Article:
"Learning to speak another language means taking one's place in the human community. It means reaching out to others across cultural and linguistic boundaries. Language is far more than a system to be explained. It is our most important link to the world around us. Language is culture in motion. It is people interacting with people" Sandra Savignon


On a scale from 1 to 5, Mandarin is considered a level 5 language, one of the most difficult and this is primarily because of the reading and writing. Speaking basic Mandarin is not really hard, but even for the Chinese, teaching literacy is a challenge and they take longer and work harder to master it in school.

Thus, Mandarin remains Mozart's weakest languge, but she is making great progress ( and some would even consider her fluent now). The primary reason we are going to China this week is to increase her language ability in Mandarin.

For this month we will keep her away from all English ( unless she is translating something for us) and will be reporting on how this works out. I will also be writing more soon  on teaching/building literacy in three languages and what has worked best for us.


What questons do you have about teaching multilingual literacy to your children? What keys have you found that works best for your family? Where do you find the challenges?

One of the things we admire about the Chinese school system here in Penang, is they teach the kids to be fluent and totally literate in three languages ( Mandarin, Malay and English). ( I am also  impressed with the Scandinavian countries and Holland in Europe that promote deep multilingual literacy in several languages in school). That certainly gives them advantages to life and I wish all schools would teach more multilingual  language literacy from a young age. Adding literacy to second ( or more) language fluency adds so much.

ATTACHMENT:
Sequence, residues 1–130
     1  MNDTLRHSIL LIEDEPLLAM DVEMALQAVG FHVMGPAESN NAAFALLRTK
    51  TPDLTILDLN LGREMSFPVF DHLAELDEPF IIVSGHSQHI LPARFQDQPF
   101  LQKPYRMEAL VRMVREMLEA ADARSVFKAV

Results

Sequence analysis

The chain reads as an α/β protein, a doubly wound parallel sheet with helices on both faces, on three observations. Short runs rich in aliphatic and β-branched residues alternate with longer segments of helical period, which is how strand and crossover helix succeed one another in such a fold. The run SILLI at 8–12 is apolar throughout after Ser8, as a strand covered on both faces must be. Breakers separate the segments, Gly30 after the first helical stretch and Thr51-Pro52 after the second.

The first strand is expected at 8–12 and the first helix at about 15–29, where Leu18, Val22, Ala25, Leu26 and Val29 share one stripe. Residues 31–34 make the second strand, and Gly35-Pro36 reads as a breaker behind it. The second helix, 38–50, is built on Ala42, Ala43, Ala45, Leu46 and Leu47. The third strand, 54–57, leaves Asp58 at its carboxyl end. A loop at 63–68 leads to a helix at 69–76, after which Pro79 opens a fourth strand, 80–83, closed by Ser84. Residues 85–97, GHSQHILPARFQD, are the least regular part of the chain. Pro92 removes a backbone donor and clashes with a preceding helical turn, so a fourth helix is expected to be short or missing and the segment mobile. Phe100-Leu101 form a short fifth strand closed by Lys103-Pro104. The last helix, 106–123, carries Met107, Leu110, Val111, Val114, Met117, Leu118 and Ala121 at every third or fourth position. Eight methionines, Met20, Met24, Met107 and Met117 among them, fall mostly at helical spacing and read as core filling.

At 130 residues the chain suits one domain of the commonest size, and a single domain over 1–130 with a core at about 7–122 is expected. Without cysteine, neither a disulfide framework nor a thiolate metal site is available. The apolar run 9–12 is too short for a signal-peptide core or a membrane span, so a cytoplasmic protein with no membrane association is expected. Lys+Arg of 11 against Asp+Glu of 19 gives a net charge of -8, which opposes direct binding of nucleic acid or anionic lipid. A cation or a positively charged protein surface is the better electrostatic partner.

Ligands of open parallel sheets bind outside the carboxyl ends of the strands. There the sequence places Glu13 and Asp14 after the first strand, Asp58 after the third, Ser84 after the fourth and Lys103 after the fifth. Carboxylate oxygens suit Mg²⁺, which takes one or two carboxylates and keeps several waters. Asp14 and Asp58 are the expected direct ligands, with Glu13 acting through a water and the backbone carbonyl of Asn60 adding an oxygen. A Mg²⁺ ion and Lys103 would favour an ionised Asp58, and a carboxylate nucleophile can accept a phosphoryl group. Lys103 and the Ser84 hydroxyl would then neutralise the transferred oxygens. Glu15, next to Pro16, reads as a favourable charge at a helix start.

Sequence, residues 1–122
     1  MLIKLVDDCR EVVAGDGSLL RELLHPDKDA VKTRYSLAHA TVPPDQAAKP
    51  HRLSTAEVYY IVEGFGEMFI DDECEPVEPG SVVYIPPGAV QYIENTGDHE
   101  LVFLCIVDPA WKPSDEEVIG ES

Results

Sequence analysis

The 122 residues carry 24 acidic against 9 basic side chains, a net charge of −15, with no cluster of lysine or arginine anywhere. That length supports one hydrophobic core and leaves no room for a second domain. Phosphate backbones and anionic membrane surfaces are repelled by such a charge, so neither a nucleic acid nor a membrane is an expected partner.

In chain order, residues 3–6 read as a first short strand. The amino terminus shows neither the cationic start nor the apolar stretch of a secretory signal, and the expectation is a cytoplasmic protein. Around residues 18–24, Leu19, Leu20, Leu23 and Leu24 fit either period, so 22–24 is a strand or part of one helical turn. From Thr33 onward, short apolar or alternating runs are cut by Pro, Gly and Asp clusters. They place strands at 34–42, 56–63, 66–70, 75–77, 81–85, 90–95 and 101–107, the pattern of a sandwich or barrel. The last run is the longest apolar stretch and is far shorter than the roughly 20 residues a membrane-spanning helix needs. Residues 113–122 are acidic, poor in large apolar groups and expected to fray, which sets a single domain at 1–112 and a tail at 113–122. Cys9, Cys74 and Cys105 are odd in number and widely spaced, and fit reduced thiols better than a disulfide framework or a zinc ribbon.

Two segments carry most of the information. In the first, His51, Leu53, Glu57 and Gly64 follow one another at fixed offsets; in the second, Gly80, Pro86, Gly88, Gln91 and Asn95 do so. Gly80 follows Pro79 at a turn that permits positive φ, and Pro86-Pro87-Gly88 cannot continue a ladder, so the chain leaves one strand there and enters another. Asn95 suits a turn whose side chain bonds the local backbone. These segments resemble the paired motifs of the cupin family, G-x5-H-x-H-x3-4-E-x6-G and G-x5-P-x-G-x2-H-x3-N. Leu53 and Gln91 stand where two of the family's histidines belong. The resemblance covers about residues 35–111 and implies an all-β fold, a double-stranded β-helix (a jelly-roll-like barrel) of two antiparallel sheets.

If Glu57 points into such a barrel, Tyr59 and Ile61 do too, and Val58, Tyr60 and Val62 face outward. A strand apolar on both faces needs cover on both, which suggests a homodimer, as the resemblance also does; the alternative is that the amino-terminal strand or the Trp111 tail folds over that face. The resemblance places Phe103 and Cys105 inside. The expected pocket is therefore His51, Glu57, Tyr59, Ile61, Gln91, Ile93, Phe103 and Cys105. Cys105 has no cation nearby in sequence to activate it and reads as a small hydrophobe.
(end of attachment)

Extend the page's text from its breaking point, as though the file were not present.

"Language acquisition proceeds best when the input is not just comprehensible, but really interesting, even compelling; so interesting that you forget you are listening to or reading another language." Steven Krashen

This post was part of the April 2014 Raising Multilingual Children Carnival.

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As a parent with similar goals for my children, I agree with you, and I have learned a great deal from your writing in this post!

It is definitely not an easy task to keep your students engaged in a foreign language with just textbook materials. And I applaud you for your efforts and Mozart's accomplishments. Please keep us posted with her progress in her Mandarin study.

Jeanne @soultravelers3

Aw, thanks so much Connie! Only a parent who is doing this understands fully, eh?

It's been a challenge, but worth the effort and she is doing really good with the Mandarin.

It's been great to hear so many great compliments on her Mandarin here in China and how she sounds like a local.

Adriana Zoder

So, so impressed with you lifestyle and your trilingual daughter. Just astonishing.

Adriana Zoder

This was quite a post. I learned so much. Thank you. I loved the quotes.

Jeanne @soultravelers3

Thanks so much Adriana for your kind words! So happy you learned from our experience and enjoyed the quotes!!